Food-for-work scheme: The government is running food-for-work scheme to give purchasing power to the poor who get paid for their labour in cash and foodgrains. The scheme is, however, not successful, since the Central Government is required to meet only the foodgrain component and the cash strapped States are expected to meet the cash component (almost 50 per cent of the total expenditure). In many States the scheme has even failed to take off.

Suggested recommendations

There is a need to shift from the existing expensive, inefficient and corruption ridden institutional arrangements to those that will ensure cheap delivery of requisite quality grains in a transparent manner and are self-targeting.

Futures market and free trade: The present system marked by input subsidies and high MSP should be phased out. To avoid wide fluctuations in prices and prevent distress selling by small farmers, futures market can be encouraged. Improved communication systems through the use of information technology may help farmers get a better deal for their produce. Crop insurance schemes can be promoted with government meeting a major part of the insurance premium to protect the farmers against natural calamities.

To start with, all restrictions on foodgrains regarding inter-State movement, stocking, exports and institutional credit and trade financing should be renounced. Free trade will help make-up the difference between production and consumption needs, reduce supply variability, increase efficiency in resource-use and permit production in regions more suited to it.

Food-for-education programme: To achieve cent per cent literacy, the food security need can be productively linked to increased enrolment in schools. With the phasing out of PDS, food coupons may be issued to poor people depending on their entitlement.

Modified food-for-work scheme/ direct subsidies: With rationalisation of input subsidies and MSP, the Central Government will be left with sufficient funds, which may be given as grants to each State depending on the number of poor.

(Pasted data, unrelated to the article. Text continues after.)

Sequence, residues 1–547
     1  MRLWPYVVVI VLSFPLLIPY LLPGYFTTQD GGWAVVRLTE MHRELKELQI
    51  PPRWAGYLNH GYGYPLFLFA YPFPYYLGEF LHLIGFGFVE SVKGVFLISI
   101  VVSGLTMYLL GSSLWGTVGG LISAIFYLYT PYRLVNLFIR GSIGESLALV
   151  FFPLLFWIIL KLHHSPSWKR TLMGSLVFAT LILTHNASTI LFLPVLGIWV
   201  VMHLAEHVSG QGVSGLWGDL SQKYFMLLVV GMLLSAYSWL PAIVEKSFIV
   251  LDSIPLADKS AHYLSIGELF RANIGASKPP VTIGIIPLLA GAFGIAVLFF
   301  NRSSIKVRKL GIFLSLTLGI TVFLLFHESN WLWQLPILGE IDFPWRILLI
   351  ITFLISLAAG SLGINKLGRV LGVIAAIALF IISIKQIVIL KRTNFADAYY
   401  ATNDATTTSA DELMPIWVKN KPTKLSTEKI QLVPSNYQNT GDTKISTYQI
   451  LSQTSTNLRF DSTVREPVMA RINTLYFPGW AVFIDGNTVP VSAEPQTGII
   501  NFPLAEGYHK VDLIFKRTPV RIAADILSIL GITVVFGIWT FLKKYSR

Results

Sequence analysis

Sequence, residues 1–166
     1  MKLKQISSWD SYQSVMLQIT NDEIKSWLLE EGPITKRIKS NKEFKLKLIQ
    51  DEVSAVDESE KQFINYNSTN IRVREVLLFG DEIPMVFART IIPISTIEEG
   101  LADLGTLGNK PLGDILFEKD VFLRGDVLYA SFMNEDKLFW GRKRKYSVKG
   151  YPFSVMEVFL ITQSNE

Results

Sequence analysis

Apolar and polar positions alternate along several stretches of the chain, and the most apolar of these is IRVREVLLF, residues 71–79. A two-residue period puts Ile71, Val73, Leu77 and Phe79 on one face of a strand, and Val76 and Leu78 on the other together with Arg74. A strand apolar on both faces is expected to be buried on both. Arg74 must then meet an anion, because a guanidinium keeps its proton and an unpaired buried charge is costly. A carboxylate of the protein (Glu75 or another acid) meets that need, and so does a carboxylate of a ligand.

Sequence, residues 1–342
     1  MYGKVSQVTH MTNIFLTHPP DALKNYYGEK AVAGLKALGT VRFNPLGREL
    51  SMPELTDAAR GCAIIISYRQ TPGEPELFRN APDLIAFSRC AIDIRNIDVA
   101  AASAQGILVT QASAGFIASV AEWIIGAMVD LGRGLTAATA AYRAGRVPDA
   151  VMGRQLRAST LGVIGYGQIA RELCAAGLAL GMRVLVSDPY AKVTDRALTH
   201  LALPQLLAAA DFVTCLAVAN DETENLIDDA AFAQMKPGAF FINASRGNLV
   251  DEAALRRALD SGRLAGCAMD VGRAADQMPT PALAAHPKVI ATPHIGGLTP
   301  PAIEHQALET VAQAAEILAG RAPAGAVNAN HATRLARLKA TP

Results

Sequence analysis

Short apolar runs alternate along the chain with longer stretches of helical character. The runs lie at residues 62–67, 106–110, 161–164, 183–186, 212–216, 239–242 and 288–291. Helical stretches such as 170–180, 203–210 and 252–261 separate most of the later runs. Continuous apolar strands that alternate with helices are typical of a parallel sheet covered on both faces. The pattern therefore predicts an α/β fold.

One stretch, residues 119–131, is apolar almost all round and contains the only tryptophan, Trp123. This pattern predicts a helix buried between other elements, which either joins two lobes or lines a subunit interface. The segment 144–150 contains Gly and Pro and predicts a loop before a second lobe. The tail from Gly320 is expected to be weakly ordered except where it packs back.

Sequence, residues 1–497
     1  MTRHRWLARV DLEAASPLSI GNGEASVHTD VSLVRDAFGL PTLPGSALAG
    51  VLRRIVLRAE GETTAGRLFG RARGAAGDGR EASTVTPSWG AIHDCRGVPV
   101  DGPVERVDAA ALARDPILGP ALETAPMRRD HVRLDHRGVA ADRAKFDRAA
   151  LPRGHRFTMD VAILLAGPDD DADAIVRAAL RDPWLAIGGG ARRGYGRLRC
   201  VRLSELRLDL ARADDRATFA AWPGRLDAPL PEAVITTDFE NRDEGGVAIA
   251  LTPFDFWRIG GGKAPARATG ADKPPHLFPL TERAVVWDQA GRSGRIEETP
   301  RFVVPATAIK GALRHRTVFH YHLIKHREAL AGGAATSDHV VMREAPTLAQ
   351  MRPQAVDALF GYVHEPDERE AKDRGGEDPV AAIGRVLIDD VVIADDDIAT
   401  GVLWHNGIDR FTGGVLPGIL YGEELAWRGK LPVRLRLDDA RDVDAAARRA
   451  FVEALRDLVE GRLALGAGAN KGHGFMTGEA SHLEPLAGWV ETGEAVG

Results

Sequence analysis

The State government will in turn distribute the grants to the village bodies, which can decide on the list of essential infrastructure work the village needs and allow every needy villager to contribute through his labour and get paid in food coupons and cash.

Community grain storage banks: The FCI can be gradually dismantled and procurement decentralised through the creation of foodgrain banks in each block/ village of the district, from which people may get subsidised foodgrains against food coupons. The food coupons can be numbered serially to avoid frauds. The grain storage facilities can be created within two years under the existing rural development schemes and the initial lot of grains can come from the existing FCI stocks. If culturally acceptable, the possibility of relatively cheap coarse grains, like bajara and ragi and nutritional grains like millets and pulses meeting the nutritional needs of the people can also be explored. This will not only enlarge the food basket but also prevent such locally adapted grains from becoming extinct. The community can be authorised to manage the food banks. This decentralised management will improve the delivery of entitlements, reduce handling and transport costs and eliminate corruption, thereby bringing down the issue price substantially. To enforce efficiency in grain banks operation, people can also be given an option to obtain foodgrains against food coupons from the open market, if the rates in the grain banks are higher, quality is poor or services are deficient. A fund can be set up to reimburse the food retailers for the presented coupons. This competition will lead to constant improvement and lower prices. It must also be mandatory to maintain a small buffer stock at the State level, to deal with exigencies.

Enhancing agriculture productivity: The government, through investments in vital agriculture infrastructure, credit linkages and encouraging the use of latest techniques, motivate each district/ block to achieve local self-sufficiency in foodgrain production. However, instead of concentrating only on rice or wheat, the food crop with a potential in the area must be encouraged. Creation of necessary infrastructure like irrigation facilities will also simulate private investments in agriculture.

The focus on accelerated foodgrains production on a sustainable basis and free trade in grains would help create massive employment and reduce the incidence of poverty in rural areas. This will lead to faster economic growth and give purchasing power to the people.

A five-year transitory period may be allowed while implementing these. Thus, India can achieve food security in the real sense and in a realistic timeframe.

Prashant Goyal

Secretary to Government Chief Secretariat, Pondicherry
(The views expressed here are the author's personal)